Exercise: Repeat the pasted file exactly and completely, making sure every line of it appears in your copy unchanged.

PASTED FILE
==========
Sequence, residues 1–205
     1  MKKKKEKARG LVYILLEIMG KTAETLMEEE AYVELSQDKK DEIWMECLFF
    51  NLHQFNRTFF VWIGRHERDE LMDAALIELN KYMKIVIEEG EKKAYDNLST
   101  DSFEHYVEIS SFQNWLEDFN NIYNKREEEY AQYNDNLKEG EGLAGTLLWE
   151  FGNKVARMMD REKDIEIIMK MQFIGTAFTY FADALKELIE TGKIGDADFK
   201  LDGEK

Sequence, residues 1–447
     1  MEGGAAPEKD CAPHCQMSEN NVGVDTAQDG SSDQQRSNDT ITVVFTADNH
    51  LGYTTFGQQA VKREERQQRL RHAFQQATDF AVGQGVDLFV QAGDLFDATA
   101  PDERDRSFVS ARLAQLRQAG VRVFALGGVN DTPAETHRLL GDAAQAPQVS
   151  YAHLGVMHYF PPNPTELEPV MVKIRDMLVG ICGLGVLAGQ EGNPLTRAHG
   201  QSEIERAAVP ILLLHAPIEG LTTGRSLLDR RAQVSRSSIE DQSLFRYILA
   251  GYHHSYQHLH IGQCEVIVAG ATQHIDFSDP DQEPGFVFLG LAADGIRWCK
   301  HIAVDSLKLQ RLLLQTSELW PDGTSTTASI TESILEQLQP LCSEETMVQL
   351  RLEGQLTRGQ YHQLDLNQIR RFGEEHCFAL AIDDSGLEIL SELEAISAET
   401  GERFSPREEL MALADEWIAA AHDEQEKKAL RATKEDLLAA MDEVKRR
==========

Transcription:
Sequence, residues 1–205
     1  MKKKKEKARG LVYILLEIMG KTAETLMEEE AYVELSQDKK DEIWMECLFF
    51  NLHQFNRTFF VWIGRHERDE LMDAALIELN KYMKIVIEEG EKKAYDNLST
   101  DSFEHYVEIS SFQNWLEDFN NIYNKREEEY AQYNDNLKEG EGLAGTLLWE
   151  FGNKVARMMD REKDIEIIMK MQFIGTAFTY FADALKELIE TGKIGDADFK
   201  LDGEK

Sequence, residues 1–447
     1  MEGGAAPEKD CAPHCQMSEN NVGVDTAQDG SSDQQRSNDT ITVVFTADNH
    51  LGYTTFGQQA VKREERQQRL RHAFQQATDF AVGQGVDLFV QAGDLFDATA
   101  PDERDRSFVS ARLAQLRQAG VRVFALGGVN DTPAETHRLL GDAAQAPQVS
   151  YAHLGVMHYF PPNPTELEPV MVKIRDMLVG ICGLGVLAGQ EGNPLTRAHG
   201  QSEIERAAVP ILLLHAPIEG LTTGRSLLDR RAQVSRSSIE DQSLFRYILA
   251  GYHHSYQHLH IGQCEVIVAG ATQHIDFSDP DQEPGFVFLG LAADGIRWCK
   301  HIAVDSLKLQ RLLLQTSELW PDGTSTTASI TESILEQLQP LCSEETMVQL
   351  RLEGQLTRGQ YHQLDLNQIR RFGEEHCFAL AIDDSGLEIL SELEAISAET
   401  GERFSPREEL MALADEWIAA AHDEQEKKAL RATKEDLLAA MDEVKRR